|Molar mass||71.08 g·mol−1|
|Appearance||white crystalline solid, no odor1|
|Melting point||84.5 °C (184.1 °F; 357.6 K)|
|Boiling point||None (polymerization); decomposes at 175-300°C1|
|2.04 kg/L (25 °C)|
|Main hazards||potential occupational carcinogen1|
|Safety data sheet||ICSC 0091|
|H301, H312, H315, H317, H319, H332, H340, H350, H361, H3722|
|P201, P280, P301+310, P305+351+338, P308+3132|
|EU classification||Toxic (T)
Carc. Cat. 2
Muta. Cat. 2
Repr. Cat. 3
|R-phrases||R45, R46, R20/21,
R25, R36/38, R43,
|424 °C (795 °F; 697 K)|
|Lethal dose or concentration (LD, LC):|
LD50 (Median dose)
|100-200 mg/kg (mammal, oral)
107 mg/kg (mouse, oral)
150 mg/kg (rabbit, oral)
150 mg/kg (guinea pig, oral)
124 mg/kg (rat, oral)3
|US health exposure limits (NIOSH):|
|TWA 0.3 mg/m3 [skin]1|
|Ca TWA 0.03 mg/m3 [skin]1|
IDLH (Immediate danger
Except where otherwise noted, data are given for materials in their standard state (at 25 °C [77 °F], 100 kPa).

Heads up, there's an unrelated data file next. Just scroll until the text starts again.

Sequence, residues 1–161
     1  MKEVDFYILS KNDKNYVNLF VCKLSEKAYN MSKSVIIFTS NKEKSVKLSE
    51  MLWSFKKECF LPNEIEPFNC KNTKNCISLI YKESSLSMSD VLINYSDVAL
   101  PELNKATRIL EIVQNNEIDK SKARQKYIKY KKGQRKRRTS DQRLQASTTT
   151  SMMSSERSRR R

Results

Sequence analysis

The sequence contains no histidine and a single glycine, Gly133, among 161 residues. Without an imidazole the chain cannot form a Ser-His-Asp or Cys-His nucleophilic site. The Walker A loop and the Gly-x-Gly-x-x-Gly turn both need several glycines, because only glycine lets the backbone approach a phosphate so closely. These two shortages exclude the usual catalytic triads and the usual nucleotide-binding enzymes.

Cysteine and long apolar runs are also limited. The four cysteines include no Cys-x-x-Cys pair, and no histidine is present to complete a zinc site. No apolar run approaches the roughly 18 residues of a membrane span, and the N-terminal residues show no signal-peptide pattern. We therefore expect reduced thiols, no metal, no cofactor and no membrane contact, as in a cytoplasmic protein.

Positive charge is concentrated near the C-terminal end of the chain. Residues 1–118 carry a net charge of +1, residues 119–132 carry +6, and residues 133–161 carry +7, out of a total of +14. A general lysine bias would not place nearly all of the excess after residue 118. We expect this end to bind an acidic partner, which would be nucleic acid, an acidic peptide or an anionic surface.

|what is: / ?)(|
Acrylamide (or acrylic amide) is a chemical compound with the chemical formula C3H5NO. Its IUPAC name is prop-2-enamide. It is a white odorless crystalline solid, soluble in water, ethanol, ether, and chloroform. Acrylamide decomposes in the presence of acids, bases, oxidizing agents, iron, and iron salts. It decomposes non-thermally to form ammonia, and thermal decomposition produces carbon monoxide, carbon dioxide, and oxides of nitrogen.
Acrylamide can be prepared by the hydrolysis of acrylonitrile by nitrile hydratase. In industry, most acrylamide is used to synthesize polyacrylamides, which find many uses as water-soluble thickeners. These include use in wastewater treatment, gel electrophoresis (SDS-PAGE), papermaking, ore processing, tertiary oil recovery, and the manufacture of permanent press fabrics. Some acrylamide is used in the manufacture of dyes and the manufacture of other monomers.